Saturday 11 October 2014

Shonibare, over 40 African artists converge for Divine Comedy

 ...but no single Nigeria-based artist on the list  
By Tajudeen Sowole
Yinka Shonibare joins over 40 artists from Africa and the Diaspora for a touring art exhibition titled The Divine Comedy: Heaven, Purgatory and Hell Revisited at Savannah College of Art and Design (SCAD), Georgia, U.S.

According to Fitz & Co, Divine Comedy is in collaboration with the curator and Cameroonian, Simon Njami. The show, she disclosed during online chat, opens Friday, October 17, 2014 and continues through Sunday, Jan. 25, 2015. The exhibition will occupy the museum’s entire gallery space of nearly 20,000 square feet and also extend to the outdoor courtyard and satellite locations, it was disclosed.

Sculptures, How To Blow Up Two Heads At Once by Yinka Shonibare
The organisers stated that the exhibition was originally presented by the Museum für Moderne Kunst Frankfurt/Main (MMK) in Frankfurt, Germany, earlier this year.

Artists featuring with Shonibare include Jane Alexander (South Africa), Ghada Amer (Egypt). Joël Andrianomearisoa (Madagascar), Kader Attia (France), Bili Bidjocka (Cameroon), Wim Botha (South Africa), Zoulikha Bouabdellah (Russia), Mohamed Bourouissa (Algeria), Edson Chagas (Angola), Kudzanai Chiurai (Zimbabwe), Christine Beatrice Dixie (South Africa), Dimitri Fagbohoun (Benin), Franck Abd-Bakar Fanny (Ivory Coast), Jellel Gasteli (Tunisia) and, Kendell Geers (South Africa).

Others are Frances Goodman (South Africa), Nicholas Hlobo (South Africa), Mouna Karray (Tunisia), Amal Kenawy (Egypt), Kiluanji Kia Henda (Angola), Jems Robert Koko Bi (Ivory Coast), Abdoulaye Konaté (Mali), Ndary Lo (Senegal), Ato Malinda (Kenya), Pascale Marthine Tayou (Cameroon), Julie Mehretu (Ethiopia), Myriam Mihindou (Gabon), Nandipha Mntambo (Swaziland), Aïda Muluneh (Ethiopia), Hassan Musa (Sudan), Wangechi Mutu (Kenya), Mwangi Hutter (Kenya, Germany), Youssef Nabil (Egypt), Lamia Naji (Marocco), Moataz Nasr (Egypt), Cheikh Niass (Senegal), Maurice Pefura (France), Zineb Sedira (France), Guy Tillim (South Africa), Andrew Tshabangu (South Africa), Minnette Vári (South Africa).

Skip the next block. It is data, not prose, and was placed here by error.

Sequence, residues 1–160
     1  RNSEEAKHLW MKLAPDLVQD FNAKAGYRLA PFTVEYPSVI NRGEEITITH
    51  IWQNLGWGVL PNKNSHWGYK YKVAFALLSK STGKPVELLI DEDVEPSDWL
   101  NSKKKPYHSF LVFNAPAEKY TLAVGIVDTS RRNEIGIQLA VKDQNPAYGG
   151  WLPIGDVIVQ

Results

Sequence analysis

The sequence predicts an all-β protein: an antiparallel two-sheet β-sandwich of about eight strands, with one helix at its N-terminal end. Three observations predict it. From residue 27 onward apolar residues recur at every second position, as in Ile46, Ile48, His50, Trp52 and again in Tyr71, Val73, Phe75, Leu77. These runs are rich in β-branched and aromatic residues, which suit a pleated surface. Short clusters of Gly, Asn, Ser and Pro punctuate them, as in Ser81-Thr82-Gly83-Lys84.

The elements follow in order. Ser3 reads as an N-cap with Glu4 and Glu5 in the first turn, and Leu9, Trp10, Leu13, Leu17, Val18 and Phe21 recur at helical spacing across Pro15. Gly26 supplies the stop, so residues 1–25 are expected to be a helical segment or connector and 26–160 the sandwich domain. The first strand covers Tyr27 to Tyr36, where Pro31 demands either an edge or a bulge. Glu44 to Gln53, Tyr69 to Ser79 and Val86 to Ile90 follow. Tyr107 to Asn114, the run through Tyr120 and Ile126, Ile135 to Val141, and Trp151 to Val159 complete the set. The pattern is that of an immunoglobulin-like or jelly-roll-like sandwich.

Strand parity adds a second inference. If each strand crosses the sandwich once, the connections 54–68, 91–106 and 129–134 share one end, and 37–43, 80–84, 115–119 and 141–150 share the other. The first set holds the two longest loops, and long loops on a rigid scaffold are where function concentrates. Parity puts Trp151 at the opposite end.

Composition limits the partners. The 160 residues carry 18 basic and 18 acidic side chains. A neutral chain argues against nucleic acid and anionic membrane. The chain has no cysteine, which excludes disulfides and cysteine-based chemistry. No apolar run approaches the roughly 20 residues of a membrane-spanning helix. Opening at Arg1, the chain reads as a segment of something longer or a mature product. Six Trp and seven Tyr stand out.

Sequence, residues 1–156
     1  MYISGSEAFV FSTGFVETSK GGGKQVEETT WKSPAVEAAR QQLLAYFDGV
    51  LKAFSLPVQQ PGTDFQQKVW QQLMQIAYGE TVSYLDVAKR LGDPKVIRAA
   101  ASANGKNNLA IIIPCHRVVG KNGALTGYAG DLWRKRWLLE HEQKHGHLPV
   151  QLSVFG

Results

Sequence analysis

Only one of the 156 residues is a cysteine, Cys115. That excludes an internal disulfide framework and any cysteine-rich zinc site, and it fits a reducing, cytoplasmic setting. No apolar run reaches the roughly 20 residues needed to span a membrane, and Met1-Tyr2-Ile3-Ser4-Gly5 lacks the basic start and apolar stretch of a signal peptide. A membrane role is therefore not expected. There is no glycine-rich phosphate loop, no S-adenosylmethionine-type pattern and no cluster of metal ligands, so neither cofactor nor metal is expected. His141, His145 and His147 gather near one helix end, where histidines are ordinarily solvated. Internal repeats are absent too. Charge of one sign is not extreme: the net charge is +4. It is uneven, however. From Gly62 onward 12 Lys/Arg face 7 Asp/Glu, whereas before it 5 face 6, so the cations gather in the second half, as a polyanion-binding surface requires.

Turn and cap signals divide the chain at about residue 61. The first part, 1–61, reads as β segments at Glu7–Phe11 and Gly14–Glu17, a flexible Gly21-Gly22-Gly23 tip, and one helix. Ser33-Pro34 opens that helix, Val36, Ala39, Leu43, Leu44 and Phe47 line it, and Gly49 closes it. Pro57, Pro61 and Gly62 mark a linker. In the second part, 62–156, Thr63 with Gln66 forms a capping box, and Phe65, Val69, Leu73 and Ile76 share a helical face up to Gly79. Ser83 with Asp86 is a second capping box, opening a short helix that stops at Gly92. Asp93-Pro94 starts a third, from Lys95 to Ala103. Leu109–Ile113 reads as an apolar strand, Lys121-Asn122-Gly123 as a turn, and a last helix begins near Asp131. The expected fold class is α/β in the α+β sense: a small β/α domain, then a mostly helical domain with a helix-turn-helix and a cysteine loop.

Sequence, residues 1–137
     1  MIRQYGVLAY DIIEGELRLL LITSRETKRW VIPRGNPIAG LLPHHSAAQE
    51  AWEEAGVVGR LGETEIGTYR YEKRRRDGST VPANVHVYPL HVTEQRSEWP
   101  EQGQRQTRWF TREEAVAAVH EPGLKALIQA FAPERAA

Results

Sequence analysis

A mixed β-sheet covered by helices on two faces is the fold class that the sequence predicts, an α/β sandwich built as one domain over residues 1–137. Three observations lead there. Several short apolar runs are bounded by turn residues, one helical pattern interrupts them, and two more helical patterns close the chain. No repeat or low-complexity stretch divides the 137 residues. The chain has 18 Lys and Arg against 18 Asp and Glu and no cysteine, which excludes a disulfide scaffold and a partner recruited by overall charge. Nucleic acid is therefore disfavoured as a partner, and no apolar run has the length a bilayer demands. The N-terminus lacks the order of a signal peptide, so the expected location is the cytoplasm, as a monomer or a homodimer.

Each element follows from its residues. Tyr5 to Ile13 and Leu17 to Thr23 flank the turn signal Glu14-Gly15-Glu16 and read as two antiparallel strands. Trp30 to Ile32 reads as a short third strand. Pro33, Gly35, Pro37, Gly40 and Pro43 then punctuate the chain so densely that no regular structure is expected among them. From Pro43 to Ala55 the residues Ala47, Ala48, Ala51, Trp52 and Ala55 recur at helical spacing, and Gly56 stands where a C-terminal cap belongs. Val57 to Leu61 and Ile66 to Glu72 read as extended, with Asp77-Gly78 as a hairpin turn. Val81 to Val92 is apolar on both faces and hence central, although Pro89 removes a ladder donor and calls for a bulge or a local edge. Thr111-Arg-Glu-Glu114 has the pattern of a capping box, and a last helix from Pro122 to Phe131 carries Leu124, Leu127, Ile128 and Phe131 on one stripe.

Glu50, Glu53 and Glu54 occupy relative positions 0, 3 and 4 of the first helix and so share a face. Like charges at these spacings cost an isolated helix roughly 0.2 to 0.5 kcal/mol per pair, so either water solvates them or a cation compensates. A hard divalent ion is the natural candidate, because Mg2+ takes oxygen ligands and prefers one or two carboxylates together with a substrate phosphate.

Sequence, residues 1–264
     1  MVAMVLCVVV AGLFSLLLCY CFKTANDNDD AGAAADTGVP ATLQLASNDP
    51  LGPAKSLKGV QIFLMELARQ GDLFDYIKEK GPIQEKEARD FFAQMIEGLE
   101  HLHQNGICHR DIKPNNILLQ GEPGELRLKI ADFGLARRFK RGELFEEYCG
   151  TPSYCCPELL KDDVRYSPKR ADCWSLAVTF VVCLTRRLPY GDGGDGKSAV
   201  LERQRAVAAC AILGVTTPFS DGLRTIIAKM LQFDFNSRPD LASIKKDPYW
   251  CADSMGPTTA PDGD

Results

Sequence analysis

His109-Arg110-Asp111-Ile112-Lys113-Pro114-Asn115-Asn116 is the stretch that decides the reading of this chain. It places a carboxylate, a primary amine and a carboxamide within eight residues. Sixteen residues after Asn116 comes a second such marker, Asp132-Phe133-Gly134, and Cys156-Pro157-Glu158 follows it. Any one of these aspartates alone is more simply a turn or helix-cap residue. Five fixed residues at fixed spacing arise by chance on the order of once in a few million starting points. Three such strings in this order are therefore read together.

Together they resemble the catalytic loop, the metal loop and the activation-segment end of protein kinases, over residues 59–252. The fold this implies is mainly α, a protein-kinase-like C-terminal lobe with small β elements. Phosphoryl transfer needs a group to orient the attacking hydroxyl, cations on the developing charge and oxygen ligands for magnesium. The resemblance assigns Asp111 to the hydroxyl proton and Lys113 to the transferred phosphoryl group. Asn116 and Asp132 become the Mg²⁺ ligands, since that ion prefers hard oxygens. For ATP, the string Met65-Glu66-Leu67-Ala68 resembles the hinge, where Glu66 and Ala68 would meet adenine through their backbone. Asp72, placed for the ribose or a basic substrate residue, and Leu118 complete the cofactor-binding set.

Artists such as Konaté, Ndary Lo and Amer as well as others who are based at homes have another opportunity to make a strong statement for the contemporary art of the African continent. However, as big as Shonibare is in the Diaspora, it is worrisome that among over 40 artists selected for Divine Comedy, not a single Nigerian artist based at home attracted the favour of the organisers. And one wonders: what did Njami see or feel about the contemporary art scene of Nigeria when the curator visited during the yearly LagosPhoto exhibition last year? As widely conservative and traditional as the Nigerian art landscape remains, there are still quite a number of emerging “contemporary” artists who are doing new thing here and showing abroad.

In the exhibition, Shonibare presents a two-piece sculpture How To Blow Up Two Heads At Once (2006). Clearly from one of his satirical themes of the British aristocrats, the two headless bodies - in the Dutch wax fabric (Ankara in Nigeria’s local parlance) are in combative posture, suggesting a ‘dog eats dog situation. For Shonibare who has, in the past five years built on his identity that emerged on the contemporary art scene of the past one-decade, his work for Divine Comedy is retrospective.